The Good Fight
This essay originally appeared in The New Republic.
On April 14, American warplanes flying at 15,000 feet over Kosovo mistakenly destroyed a convoy of the very civilian refugees U.S. forces had been sent to the Balkans to protect. To avoid Serb anti-aircraft weapons, the United States used fast, high-flying planes (rather than the slower, low- flying aircraft designed for such tactical bombing). This protects our pilots but puts civilians at heightened risk by increasing the difficulty of identifying targets on the ground. It would seem that we are trying so hard to avoid the loss of even one American life that we have adopted tactics that considerably raise the chances that we will destroy Kosovar lives.
This contradiction is, of course, a consequence of the Clinton administration’s short-term political calculations and the Pentagon’s self- protective bureaucratic instincts. But, at a deeper level, it reflects the inherent moral tension built into the first principles of American liberal democracy. Our politics is built on the notion of the natural freedom and equality of all human beings. By putting freedom and equality–not duty or virtue–first, our public philosophy appears to sanction a limited and relatively unexacting form of government, a state that lets us live as we choose as long as we don’t hurt anyone else. Yet, at the same time, it gives rise to a humanitarian ideal. If all men and women are created equally free, then individuals everywhere are essentially like us, poverty and oppression are wrong abroad as well as at home, and government not based on the consent of the governed must be unjust wherever it is found.
Also, our liberal democracy needs virtue. Of course we are reluctant to legislate morals. Yet still it is crucial that citizens exercise certain necessary virtues. As Mill observed, the most important factor on which good government depends
Peter Berkowitz teaches government at Harvard and is the author of Virtue and the Making of Modern Liberalism.
is “the qualities of the human beings composing the society over which the government is exercised.” For a liberal democracy, the most important of these qualities include the capacity of people to take care of themselves, their families, and their communities; to exercise their rights vigorously and wisely; and to administer institutions fairly and effectively.
In a society that puts individual freedom first, nourishes a humanitarian ideal, and depends on the cultivation of certain necessary virtues, a strong and resolute response to the crimes of a Slobodan Milosevic is bound to be both urgent and elusive. A strong and resolute response–meaning ground troops risking their lives to smash Serb forces and protect ethnic Albanians– is urgent because of the moral imperative, arising from the heart of liberalism, to respect the dignity of the individual. It is elusive because the wide latitude we give to individual freedom provides plenty of room for individuals to choose the less arduous path. If all people in the world are equally entitled to freedom and equality, how can we not take up arms against oppression everywhere? Yet, if ethnic Albanians’ humanity is no more valuable than our own, why should any American die for them, especially if no vital national interests are at stake?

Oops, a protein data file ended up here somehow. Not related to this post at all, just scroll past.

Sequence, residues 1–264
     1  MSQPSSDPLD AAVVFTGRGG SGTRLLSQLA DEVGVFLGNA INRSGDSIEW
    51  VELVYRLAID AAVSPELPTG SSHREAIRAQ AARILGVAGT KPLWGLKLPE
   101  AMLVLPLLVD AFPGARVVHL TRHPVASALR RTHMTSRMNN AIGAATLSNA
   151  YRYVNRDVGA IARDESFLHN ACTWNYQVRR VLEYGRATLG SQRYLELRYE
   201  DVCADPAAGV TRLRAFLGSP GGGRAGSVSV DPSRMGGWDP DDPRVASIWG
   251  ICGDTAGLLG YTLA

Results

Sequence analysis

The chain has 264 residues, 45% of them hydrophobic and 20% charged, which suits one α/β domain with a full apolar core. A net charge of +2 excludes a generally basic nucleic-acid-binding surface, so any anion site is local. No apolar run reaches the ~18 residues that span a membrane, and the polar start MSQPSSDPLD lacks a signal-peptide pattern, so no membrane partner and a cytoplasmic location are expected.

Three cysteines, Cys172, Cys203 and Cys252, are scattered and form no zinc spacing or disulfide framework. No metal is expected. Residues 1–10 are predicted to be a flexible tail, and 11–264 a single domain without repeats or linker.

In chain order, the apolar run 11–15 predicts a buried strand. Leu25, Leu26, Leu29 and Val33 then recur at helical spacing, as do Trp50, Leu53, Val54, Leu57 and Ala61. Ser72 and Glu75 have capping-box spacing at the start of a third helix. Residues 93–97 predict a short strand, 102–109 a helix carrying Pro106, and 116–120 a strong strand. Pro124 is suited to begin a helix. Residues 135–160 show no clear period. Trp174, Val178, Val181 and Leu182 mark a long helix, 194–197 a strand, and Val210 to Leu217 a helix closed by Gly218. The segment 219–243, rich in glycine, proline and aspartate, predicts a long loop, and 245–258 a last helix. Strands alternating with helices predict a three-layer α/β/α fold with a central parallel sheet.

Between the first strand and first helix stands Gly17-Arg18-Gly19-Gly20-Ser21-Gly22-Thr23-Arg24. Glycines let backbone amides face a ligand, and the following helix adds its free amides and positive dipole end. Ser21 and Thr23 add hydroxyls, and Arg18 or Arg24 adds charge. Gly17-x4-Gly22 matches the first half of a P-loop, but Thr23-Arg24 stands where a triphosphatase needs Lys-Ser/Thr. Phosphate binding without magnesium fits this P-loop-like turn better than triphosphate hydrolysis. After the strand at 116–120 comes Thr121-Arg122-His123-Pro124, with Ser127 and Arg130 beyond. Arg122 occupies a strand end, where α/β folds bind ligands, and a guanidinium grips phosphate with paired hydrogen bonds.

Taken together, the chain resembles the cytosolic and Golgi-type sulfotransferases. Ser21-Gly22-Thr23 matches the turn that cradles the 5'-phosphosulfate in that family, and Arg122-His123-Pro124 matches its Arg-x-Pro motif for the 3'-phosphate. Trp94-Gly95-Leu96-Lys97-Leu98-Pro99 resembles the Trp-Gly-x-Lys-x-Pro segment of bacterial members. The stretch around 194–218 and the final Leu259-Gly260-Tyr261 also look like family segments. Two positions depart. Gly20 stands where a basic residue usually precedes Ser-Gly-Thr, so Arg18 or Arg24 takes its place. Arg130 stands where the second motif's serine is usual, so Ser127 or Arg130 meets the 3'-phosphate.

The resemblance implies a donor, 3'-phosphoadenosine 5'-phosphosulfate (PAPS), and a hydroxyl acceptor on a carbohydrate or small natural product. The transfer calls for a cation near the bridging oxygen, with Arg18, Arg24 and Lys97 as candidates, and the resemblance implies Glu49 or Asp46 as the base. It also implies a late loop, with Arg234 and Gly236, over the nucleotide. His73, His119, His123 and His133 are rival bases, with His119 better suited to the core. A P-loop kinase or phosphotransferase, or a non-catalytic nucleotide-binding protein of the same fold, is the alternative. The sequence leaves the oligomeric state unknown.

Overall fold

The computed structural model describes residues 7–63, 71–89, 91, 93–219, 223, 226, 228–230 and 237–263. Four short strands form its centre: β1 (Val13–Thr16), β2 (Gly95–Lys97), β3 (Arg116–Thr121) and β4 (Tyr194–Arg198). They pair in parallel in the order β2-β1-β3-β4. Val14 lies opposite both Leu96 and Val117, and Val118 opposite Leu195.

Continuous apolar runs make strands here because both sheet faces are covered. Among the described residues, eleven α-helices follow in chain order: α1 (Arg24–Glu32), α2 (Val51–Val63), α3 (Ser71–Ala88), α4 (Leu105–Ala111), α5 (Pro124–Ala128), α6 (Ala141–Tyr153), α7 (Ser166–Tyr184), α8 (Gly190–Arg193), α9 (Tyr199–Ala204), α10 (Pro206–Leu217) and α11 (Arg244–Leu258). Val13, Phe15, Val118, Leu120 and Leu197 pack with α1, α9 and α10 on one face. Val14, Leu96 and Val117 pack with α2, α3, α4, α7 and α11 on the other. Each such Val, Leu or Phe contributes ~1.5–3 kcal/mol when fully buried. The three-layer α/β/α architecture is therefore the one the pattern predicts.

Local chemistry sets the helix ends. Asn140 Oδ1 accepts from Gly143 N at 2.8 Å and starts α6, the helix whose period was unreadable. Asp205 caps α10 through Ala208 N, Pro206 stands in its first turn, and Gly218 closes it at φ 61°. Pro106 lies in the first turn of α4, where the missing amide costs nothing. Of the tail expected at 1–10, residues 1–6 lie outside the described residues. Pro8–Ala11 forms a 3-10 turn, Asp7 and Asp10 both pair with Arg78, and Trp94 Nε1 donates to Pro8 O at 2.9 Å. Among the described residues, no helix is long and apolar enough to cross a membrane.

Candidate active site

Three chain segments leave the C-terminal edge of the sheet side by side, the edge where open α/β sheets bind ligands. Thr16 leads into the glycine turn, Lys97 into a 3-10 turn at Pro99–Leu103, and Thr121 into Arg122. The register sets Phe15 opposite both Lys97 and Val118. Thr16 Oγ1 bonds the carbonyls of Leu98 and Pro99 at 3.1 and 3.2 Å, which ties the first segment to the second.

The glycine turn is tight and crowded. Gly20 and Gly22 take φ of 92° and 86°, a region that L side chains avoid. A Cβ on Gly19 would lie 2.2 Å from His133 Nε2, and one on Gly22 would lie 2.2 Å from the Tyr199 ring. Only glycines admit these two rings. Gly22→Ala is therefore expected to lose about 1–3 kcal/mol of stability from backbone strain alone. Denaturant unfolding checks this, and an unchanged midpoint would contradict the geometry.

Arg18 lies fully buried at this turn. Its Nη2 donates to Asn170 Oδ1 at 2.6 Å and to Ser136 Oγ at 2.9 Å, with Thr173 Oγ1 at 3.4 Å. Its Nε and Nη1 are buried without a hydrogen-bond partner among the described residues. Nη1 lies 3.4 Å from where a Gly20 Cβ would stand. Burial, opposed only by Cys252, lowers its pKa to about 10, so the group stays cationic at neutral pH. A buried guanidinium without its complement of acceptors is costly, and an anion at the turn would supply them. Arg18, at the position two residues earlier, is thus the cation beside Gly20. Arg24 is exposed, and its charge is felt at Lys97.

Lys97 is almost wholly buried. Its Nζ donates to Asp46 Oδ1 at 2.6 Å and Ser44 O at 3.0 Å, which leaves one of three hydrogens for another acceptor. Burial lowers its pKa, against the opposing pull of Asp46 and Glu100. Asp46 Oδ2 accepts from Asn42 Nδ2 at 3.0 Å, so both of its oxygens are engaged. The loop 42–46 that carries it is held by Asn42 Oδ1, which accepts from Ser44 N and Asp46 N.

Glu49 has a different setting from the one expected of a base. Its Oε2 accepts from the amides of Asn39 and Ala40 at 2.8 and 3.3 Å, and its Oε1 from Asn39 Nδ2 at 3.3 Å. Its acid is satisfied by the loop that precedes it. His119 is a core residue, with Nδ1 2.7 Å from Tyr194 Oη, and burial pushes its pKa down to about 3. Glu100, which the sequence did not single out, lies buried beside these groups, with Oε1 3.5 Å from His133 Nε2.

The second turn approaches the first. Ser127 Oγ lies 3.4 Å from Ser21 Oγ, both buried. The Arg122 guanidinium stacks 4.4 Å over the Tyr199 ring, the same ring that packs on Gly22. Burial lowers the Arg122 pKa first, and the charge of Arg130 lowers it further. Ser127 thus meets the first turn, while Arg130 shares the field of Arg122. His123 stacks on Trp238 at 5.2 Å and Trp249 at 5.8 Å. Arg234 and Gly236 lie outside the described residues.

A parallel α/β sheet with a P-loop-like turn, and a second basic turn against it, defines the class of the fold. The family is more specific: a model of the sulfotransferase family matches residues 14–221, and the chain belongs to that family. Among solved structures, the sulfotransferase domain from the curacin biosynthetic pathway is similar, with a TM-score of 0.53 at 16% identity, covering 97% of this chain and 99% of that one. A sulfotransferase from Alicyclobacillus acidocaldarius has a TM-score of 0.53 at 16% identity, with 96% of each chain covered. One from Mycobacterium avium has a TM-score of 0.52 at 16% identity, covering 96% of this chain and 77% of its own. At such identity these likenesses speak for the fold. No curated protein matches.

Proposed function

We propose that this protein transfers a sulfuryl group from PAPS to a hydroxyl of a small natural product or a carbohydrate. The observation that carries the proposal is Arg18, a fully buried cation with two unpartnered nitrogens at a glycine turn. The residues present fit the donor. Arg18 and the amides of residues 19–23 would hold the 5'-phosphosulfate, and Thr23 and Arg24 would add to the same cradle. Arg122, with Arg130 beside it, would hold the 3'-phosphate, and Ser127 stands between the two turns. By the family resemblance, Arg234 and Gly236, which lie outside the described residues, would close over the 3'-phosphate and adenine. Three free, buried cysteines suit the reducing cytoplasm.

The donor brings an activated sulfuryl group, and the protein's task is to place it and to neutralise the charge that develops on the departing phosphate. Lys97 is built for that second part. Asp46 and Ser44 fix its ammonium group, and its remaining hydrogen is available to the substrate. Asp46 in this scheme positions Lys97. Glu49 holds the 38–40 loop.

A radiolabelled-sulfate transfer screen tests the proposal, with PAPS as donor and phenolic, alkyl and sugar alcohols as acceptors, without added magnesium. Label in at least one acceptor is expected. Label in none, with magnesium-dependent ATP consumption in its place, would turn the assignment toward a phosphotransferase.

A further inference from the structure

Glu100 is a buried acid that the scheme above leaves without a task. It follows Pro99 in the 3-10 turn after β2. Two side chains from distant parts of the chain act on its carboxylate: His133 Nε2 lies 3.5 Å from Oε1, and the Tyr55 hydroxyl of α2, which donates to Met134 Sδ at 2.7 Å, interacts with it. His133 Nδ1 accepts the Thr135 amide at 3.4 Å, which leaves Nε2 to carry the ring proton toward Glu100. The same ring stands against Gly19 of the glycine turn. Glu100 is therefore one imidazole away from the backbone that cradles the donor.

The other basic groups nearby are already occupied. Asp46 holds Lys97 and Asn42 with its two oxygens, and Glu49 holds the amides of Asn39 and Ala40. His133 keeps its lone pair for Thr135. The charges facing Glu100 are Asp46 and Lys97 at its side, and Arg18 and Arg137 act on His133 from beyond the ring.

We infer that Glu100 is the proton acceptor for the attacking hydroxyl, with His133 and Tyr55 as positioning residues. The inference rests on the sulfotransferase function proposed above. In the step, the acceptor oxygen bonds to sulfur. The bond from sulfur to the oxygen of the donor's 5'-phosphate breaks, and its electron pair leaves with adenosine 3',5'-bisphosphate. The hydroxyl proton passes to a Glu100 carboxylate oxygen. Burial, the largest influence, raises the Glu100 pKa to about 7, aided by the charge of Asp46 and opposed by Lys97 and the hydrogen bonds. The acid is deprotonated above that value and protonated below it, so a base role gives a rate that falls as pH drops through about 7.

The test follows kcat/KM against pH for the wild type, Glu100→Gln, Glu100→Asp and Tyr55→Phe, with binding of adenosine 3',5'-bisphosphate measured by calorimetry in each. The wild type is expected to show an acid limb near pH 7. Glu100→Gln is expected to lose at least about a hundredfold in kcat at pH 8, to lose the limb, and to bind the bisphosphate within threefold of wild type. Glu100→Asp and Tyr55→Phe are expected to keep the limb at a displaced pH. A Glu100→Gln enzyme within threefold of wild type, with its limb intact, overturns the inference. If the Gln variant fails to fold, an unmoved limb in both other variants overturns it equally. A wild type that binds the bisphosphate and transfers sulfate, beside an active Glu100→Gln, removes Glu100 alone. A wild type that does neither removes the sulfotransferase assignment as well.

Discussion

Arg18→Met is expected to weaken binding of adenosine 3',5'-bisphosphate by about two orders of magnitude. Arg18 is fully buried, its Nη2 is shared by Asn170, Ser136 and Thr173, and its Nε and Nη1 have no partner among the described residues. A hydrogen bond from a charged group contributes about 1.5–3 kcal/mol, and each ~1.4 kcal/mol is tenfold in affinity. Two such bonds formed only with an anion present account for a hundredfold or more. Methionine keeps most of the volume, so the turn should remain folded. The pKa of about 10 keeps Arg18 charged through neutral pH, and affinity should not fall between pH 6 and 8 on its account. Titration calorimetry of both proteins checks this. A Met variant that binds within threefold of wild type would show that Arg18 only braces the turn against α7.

Perhaps the way out of this conundrum is to recall that, for all the ambiguities inherent in the humanitarian ideal, we have a national interest in upholding it. In an increasingly interconnected world where atrocities are reported in real time and the U.S. military alone has the means to deploy soldiers and equipment on short notice around the globe, coming to the aid of individuals abroad may become critical to respecting ourselves at home. This does not mean that we must be the world’s policeman or intervene wherever violence breaks out; the full range of costs and benefits must always be weighed. However, this would require that, when we do intervene, as we have in Yugoslavia, we take all the military measures necessary to affirm our principles, not just those approved by yesterday evening’s polls.
How can we respect ourselves otherwise? This is not a metaphysical point but a practical one. Can citizens in prosperous liberal democracies get used to passively accepting the degradation and destruction of whole communities of human beings without weakening their own commitment to the very principles that make liberal democracy possible? Can we vigorously and in full faith uphold the rule of law at home, can we genuinely respect the rights of our fellow citizens, and can we respect ourselves and trust others if together we tolerate massive outbreaks of savagery and suffering that are within our power to halt or at least substantially diminish? By letting the killing continue and allowing the cleansing to stand, do we not teach ourselves to disbelieve in the principle of individual dignity on which our own political system rests?
In short, there are times when our democracy vitally depends on the exercise not just of the necessary virtues but of the noble virtues, too. The distinction between the two is, admittedly, rough and imperfect. Yet we owe it to ourselves to recognize that sometimes courage, sacrifice, and generosity become necessary to vindicate the principles that give sense and substance to our lives. On certain occasions, we must summon as a nation the wherewithal to fight those, at home or abroad, who would flout the standards our politics teaches us to regard as universal. Kosovo is such an occasion.
Entry filed under: Political Philosophy.